When British schoolteacher and aspiring actress Jodi (Katie McGrath) travels to South Africa to prepare for a film role she finds herself in a culture clash while she faces difficult choices concerning both her career and her love life.
Pretty much the most standard romantic comedy you’ll see all year. With a “fish out of water” premise and the choice between ruggedly handsome Johnny Foreigner and that smooth bloke from Ally McBeal there’s a great deal here borrowed from a multitude of other RomComs. The humour seemed comically tone-deaf but wouldn’t have been out of place in an ITV series.
Despite being well-shot and lit Leading Lady suffers sonically from a woefully bland score generously garnished with twee Mumford & Sons’esque songs. The performances are decent enough and while there’s nothing particularly bad about Leading Lady but it’s complete lack of substance and originality make this an extremely light, airy and forgettable affair.
An idealistic British drama school teacher, Jodi Rutherford, persuades a cynical South African farmer to prepare her for a role in a major film as an Afrikaans war heroine. In return Jodi undertakes to direct the annual concert on the Willemse farm. Jodi’s interaction with the quirky small town citizens and the stubborn Kobus, teaches her that: “there is more to life than lights… camera… and action!”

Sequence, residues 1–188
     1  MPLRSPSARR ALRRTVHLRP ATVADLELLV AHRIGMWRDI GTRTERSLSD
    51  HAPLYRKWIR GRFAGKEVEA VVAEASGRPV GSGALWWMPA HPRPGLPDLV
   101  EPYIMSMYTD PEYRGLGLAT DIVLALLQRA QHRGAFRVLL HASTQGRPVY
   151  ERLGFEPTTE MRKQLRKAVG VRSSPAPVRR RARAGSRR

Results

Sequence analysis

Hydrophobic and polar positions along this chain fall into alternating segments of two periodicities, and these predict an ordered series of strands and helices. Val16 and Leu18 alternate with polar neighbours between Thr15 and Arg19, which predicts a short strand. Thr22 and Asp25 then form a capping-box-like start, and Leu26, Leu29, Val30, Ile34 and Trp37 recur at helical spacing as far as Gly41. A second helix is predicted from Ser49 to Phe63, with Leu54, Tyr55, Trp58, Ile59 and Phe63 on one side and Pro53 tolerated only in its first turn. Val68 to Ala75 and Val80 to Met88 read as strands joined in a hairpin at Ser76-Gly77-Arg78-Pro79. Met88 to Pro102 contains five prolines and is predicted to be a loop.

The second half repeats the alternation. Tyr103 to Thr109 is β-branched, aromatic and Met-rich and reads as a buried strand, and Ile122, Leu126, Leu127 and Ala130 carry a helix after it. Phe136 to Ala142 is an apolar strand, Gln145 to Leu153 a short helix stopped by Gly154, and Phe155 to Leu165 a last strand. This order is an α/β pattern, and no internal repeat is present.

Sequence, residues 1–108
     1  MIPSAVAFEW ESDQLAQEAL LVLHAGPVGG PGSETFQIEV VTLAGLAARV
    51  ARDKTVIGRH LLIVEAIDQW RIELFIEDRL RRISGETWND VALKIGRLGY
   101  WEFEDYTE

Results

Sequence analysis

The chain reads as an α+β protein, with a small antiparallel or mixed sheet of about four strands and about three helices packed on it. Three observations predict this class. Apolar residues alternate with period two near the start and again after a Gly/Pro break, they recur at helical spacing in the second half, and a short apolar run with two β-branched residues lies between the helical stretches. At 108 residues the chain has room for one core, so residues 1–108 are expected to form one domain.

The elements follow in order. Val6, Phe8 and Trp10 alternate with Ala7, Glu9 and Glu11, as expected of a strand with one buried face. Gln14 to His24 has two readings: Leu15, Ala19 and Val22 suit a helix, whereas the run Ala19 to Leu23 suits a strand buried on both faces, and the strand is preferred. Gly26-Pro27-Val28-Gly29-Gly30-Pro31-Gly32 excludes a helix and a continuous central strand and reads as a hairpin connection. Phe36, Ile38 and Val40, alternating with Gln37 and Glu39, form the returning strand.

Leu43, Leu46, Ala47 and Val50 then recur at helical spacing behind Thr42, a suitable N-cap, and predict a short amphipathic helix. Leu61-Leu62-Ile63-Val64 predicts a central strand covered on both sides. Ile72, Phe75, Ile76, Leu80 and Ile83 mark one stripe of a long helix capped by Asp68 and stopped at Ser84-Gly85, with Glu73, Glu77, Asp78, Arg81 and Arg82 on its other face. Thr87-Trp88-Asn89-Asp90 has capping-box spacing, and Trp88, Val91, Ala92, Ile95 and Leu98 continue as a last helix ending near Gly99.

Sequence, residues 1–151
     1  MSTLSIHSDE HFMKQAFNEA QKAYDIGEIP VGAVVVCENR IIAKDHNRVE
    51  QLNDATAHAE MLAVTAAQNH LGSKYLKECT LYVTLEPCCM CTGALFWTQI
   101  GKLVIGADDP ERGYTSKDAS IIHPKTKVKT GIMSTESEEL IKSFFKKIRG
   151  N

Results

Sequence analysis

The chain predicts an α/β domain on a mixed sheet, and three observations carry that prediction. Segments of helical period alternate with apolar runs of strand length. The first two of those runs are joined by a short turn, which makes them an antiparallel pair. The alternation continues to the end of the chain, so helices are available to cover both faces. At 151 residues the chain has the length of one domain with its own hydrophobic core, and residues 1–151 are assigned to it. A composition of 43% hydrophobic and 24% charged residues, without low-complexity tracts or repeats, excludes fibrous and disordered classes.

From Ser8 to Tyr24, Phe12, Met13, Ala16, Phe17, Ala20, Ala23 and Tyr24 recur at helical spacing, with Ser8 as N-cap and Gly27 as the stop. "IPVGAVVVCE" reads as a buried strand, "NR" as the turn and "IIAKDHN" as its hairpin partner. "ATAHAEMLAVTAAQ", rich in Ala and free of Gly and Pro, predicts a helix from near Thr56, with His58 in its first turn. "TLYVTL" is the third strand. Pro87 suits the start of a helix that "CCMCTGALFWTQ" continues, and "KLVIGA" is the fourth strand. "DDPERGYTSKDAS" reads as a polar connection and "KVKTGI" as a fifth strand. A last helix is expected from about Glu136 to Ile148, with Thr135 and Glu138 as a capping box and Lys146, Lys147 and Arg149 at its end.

Leading Lady tells the story of an aspiring British actress, Jodi Rutherford, who persuades Kobus Willemse, a farmer from Brandfort, to prepare her for a role in a major film as an Afrikaans war heroine. In return Jodi undertakes to arrange and direct the annual concert at the Willemse farm. Jodi’s interaction with the quirky, small-town citizens of Brandfort and the stubborn Kobus, teaches her that there is more to life than Hollywood’s: lights, camera and action… or is there?
We hope you're enjoying BRWC. You should check us out on our social channels, subscribe to our newsletter, and tell your friends. BRWC is short for battleroyalewithcheese.